Contribution


In an economy built on fulfilment without harm, all people contribute their best. The most popular contributions may gain the greatest financial reward, but the purpose is not this reward, the purpose is fulfilling potential through the contributions made.

An economy in which decisions on contribution are made by people, according to what they see is needed and can provide, is a good economy. A bad economy is one where decisions are centralised in the hands of the few who own and control most resources.

The resources controlled by the few are directed to secure, financial return, not to realising potential. The secure, financial return motivation quashes decentralised, informed, decision-making and replaces it with central decision-making designed to reduce financial risk by controlling and limiting what is done.

Centrally controlled corporations can work for secure financial return because most people employed are not independently secure. They depend on the corporation for their earnings.

With this power over incomes, corporations can force people to choose between financial security and the right to ideas, the right to speak publicly, and the freedom to contribute how they best can.

A focus on financial security is only absolutely necessary at the most basic level. Most who realise their unique potential do not do it primarily for security. Artists, entrepreneurs, scientists, and anyone expressing themselves in their work do it primarily because it is fulfilling, and often do it over other work that pays more.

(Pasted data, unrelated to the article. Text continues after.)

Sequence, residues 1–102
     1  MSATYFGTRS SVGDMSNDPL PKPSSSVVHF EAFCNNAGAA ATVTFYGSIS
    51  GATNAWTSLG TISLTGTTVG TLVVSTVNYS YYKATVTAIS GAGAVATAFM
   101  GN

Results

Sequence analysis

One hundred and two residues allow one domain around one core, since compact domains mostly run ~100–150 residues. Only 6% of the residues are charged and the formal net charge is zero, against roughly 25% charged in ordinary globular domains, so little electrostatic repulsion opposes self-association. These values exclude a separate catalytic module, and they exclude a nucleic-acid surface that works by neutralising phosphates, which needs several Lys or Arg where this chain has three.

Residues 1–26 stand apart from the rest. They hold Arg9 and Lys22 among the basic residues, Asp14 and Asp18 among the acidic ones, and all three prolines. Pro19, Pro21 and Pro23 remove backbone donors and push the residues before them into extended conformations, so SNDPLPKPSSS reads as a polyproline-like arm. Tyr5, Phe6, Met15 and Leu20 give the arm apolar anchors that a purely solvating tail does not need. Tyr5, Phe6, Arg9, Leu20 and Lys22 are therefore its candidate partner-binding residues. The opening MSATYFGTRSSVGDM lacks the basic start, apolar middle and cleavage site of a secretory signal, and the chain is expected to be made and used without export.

Tragically, the requirement to realise financial security and pursue material gain prevents many people from realising their potential, channelling them into work they are not particularly suited to in order to survive or pointlessly pursue possession of material things.

Real value, real gain is realised in expressing the self through contributing. When people see a better way of doing things, and do things that way, they realise their potential.

A good system mechanises pointless, repetitive work, and evokes contributions that fulfil those making them. A good system shares and enhances ideas without limit. Shared ideas are borrowed, copied and continually enhanced. Unshared ideas stay still, frozen by patents and unfair competition.

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[Excerpt from The Common Purpose Manifesto]

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The common purpose, principle and ways are the fundamental message to convey and are not time dependant. They form the basis of The Common Purpose Manifesto.

Visit my Thoughts blog for other relevant postings or view my profile where you can also send me an email.

[NOTE: This site, and the manifesto, have nothing to do with 'Common Purpose' leadership training in the UK or those that rail against them.]

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